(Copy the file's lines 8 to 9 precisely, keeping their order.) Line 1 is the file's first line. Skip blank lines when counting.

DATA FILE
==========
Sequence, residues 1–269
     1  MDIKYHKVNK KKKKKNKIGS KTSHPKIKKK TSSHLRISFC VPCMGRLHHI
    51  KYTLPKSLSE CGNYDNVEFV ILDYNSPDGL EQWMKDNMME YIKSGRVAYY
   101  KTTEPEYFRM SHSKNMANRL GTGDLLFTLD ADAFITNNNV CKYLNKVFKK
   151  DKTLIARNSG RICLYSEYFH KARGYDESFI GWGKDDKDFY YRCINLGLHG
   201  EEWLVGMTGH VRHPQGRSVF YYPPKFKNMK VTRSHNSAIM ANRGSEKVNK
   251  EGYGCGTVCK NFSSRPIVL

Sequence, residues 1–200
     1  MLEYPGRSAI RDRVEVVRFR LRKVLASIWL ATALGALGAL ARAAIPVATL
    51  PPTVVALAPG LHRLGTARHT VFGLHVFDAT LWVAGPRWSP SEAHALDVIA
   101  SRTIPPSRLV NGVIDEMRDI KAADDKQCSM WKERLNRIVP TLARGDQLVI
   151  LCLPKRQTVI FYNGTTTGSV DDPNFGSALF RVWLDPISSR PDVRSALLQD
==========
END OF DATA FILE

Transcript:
Sequence, residues 1–200
     1  MLEYPGRSAI RDRVEVVRFR LRKVLASIWL ATALGALGAL ARAAIPVATL